That was what 35-year-old Prabhu, who goes by one name, was trying to find out recently when he filed a Right to Information (RTI) request with the LIC asking what types of insurance were available to people with disabilities for COVID-19 treatment. But in its reply, LIC said they could offer term insurance to cover the event of death of a person with disability due to COVID-19, but did not clarify if they offered any medical insurance for the same person.
Prabhu is a practising doctor at Tirunelveli, Tamil Nadu, and filed the RTI because his friend, a 34-year-old dentist, in Coorg, Karnataka, had asked him if there were any insurance policies that she could buy. Both Prabhu and his friend have physical disabilities in their lower limbs.
Copy of RTI reply received by Prabhu in Tamil Nadu, regarding insurance for people with disabilities by LIC
"During this pandemic, I got worried that my parents should have some insurance if something happens to me… COVID-19 is a risky disease," the dentist said. She enquired at her local State Bank of India branch about their insurance policies for people with disabilities. "I was told I would have to get a medical check-up in Mysore. They wanted me to travel over 100 km away for this. I feel this particular condition was set in order to dissuade me from availing the insurance." Her entire family is precariously placed on the issue of insurance. Neither she nor her elderly parents have any medical insurance.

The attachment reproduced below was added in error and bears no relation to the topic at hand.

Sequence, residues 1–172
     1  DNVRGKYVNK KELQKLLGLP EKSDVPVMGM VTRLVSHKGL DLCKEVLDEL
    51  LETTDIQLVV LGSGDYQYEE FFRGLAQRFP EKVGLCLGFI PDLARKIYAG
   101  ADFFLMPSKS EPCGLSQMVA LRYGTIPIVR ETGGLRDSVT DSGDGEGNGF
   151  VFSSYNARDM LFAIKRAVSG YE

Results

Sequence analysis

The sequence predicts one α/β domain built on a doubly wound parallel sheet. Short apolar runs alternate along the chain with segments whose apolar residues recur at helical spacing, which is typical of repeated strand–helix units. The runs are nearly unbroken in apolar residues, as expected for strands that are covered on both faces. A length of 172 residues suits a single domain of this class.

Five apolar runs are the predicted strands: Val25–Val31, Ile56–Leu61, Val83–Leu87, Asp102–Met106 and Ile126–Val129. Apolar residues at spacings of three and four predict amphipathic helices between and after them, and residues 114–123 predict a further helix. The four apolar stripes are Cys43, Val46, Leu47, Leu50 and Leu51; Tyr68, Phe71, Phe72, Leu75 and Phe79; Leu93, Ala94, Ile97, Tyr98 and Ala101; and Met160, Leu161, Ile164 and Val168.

Why government jobs are key
One source of security for people with disabilities are government jobs: they bring access to free government healthcare for themselves and their families. India has 4% reservation for people with disabilities in government jobs, according to the Rights of Persons with Disabilities Act, 2016.
The security of government jobs and healthcare is how many people with disabilities have been managing, explained Danish Mahajan, 32, a junior clerk with the Punjab government.
Mahajan, who also runs an online radio station as a hobby, is blind. His wife is blind as well. With anxiety over the pandemic playing on his mind, he decided to buy medical insurance and approached Aditya Birla Health Insurance in October. "They simply denied me and my wife a policy- They did not ask us to do a health check up and the only documents we submitted were the disability certificates of our blindness... I am blind but the rest of my body is fine. Why can I not get medical insurance?" said Mahajan, who had been declined insurance earlier too -- by HDFC Ergo in 2019.
"Since I have healthcare from the government, I did not pursue this too much. But now this year I have complained to the commissioner for people with disabilities about being denied a health insurance policy," he said.
Like thousands of others, he is waiting for a reply.
(Bhuyan is a special correspondent at IndiaSpend.)